Context

‘and my hearth for whose fire you envy me’

Written by Peter Piller,

This blog series is an homage by four former students of the artist and teacher Franz Erhard Walther. In a poetic, fragmentary and anecdotal manner, they speak of formative memories from their study years, as well as of the longing, praise and uncertainties in their search for their own artistic language. For us, they have a look back in time.

i met few just after denmark had surprisingly won the european football championship. i had just walked around hamburg, speaking texts into the dictaphone—observations, comments on what i had seen, as well as curses; and, without going into it any further, he seemed to suspect that the whole long walk on the outskirts of the city was also a kind of walk through my own small-town past. instead, he pointed out to me that walking around was also a sculptural action, a means of giving form, and that my whole self in the texts was probably the material to be formed. ‘huh, what do you mean?,’ i thought. regarding my drawings, he said he liked them, because they were unpretentious. that was a word i didn't know yet. it’s actually tragic—it was the only praise I ever received from few; and, at that moment, i didn’t really understand it at all.

no one would ever be interested in my art—of this i was sure; but i also had it drilled into me that this was in no way what it was supposed to be about.

the longing for recognition, something like praise, can become so great in some school settings that it makes you deaf to content. the content, the substance, the package that can be purportedly tied up, sent off, and opened there—this is wishful thinking, rare strokes of good fortune. so very much of what i had been told there, by franz (and others)—clever thoughts, useful terms, good advice—I either understood only after a few years or did not want to hear at all. sometimes, i would spend a long time looking at the hair on the back of franz’s hands and fingers while he leafed through my drawings—or empathising with those who had overcome themselves and presented their work, visibly overwhelmed by the question as to the concept behind the work. my parallel studies at uni constantly made it clear to me how little i had learned at art school, and yet i never doubted the purpose of my studies with few. it was even something like the only constant in the shaky little self that searched around. no one would ever be interested in my art—of this i was sure; but i also had it drilled into me that this was in no way what it was supposed to be about. it’s about not being lukewarm, not wanting to possibly but rather by all means to say something, and that saying something also means constantly reflecting on your own language and, in a kind of lifelong on-call service, understanding yourself as a head, body and soul that are to be formed in all, indeed all, everyday occurrences.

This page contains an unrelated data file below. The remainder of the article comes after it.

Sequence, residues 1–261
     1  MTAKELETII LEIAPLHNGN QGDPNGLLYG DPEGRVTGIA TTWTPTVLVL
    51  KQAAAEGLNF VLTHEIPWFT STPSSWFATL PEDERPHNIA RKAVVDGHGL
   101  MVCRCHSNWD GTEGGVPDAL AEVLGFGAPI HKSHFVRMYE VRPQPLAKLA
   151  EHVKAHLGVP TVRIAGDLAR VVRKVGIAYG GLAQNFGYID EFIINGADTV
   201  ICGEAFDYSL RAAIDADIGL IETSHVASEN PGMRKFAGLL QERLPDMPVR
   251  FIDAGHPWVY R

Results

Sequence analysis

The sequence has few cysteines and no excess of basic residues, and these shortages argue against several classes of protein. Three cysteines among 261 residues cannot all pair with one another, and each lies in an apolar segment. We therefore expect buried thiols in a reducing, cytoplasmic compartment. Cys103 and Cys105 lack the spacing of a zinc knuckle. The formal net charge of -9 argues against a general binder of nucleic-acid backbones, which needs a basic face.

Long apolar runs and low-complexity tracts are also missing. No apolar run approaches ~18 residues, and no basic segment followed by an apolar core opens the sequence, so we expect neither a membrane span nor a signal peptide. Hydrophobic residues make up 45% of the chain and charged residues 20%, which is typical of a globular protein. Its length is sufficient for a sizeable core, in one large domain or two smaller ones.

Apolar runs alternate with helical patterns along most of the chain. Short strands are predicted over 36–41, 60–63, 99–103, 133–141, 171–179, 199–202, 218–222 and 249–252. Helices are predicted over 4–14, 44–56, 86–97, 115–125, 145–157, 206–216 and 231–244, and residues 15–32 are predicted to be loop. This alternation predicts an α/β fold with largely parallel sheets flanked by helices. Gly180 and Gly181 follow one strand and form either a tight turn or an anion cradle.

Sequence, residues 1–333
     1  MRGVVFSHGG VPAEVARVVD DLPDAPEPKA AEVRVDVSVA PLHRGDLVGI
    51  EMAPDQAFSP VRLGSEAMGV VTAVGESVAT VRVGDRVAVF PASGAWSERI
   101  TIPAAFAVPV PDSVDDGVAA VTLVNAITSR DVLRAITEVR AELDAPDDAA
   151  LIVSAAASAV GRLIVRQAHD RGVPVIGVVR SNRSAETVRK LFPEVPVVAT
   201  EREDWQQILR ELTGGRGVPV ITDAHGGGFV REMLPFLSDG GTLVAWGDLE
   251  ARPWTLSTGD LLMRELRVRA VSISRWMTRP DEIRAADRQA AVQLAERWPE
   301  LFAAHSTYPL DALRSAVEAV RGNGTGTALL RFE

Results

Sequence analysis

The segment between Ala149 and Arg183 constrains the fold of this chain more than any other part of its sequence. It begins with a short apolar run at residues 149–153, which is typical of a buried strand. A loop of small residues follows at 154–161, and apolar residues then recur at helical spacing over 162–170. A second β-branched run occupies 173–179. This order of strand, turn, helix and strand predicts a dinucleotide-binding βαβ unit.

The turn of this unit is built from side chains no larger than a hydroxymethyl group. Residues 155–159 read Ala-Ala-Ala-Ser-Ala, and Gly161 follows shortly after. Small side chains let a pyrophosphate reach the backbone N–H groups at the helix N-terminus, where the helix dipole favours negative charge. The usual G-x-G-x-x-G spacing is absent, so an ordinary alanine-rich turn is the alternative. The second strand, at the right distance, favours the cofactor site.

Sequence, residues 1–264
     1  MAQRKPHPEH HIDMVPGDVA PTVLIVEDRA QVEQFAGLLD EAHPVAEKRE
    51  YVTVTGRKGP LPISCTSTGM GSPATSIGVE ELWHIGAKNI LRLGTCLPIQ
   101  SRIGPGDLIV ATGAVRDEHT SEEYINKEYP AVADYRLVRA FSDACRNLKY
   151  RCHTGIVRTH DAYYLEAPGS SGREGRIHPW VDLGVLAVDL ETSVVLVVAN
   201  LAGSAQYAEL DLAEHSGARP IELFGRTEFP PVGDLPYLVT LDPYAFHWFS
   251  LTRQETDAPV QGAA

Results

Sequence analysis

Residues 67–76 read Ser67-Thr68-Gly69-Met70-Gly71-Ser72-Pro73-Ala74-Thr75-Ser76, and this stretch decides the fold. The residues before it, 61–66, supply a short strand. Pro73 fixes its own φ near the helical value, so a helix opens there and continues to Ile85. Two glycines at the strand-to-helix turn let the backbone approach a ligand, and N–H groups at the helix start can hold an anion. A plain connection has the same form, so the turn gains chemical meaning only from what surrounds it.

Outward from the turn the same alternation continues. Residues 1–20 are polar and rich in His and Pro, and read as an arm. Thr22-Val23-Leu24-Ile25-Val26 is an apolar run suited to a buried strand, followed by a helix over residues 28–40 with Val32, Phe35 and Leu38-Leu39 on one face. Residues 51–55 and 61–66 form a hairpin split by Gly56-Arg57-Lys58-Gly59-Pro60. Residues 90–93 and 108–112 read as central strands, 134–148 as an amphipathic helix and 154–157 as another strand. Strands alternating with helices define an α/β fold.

the work of art is strictly forbidden to merely stand there in the corner and look beautiful; it should be able to want something, because otherwise it is nothing.

where does the radicality in artistic decisions come from?
perhaps from the rejection of your own personal history, which must be abandoned at all costs if art production is to be directed at everyone, all the while sensing how art can affect all areas of your own life.

during my studies at uni, i understood all this—but after five years, i had already forgotten it all again. what i did in fact learn at art school, i would not have been able to summarise during my final exam in more than 3,252 characters (incl. spaces), but it accompanies me in my whole life, both professional and private.

few would have never formulated it that way, but he would have constantly repeated its essence: the work of art is strictly forbidden to merely stand there in the corner and look beautiful; it should be able to want something, because otherwise it is nothing.

Peter Piller (*1968) was born in Fritzlar, Hessen and has lived in Hamburg since 1990. He completed his studies with Franz Erhard Walther at the University of Fine Arts in Hamburg in 2000. From 2006 to 2018, Piller was a professor of photography in the Institute of Book Design at the Academy of Fine Arts Leipzig. In 2018, Piller joined the staff of the Düsseldorf Art Academy to head the free art class, succeeding Andreas Gursky. For his own artistic practice, Piller has built an extensive photo archive, which includes photographs of German dailies. He arranges these according to themes and presents them in series characterized by subtle humor.

Read more artist texts of this series written by Stef Heidhues, John Bock and Christian Jankowski.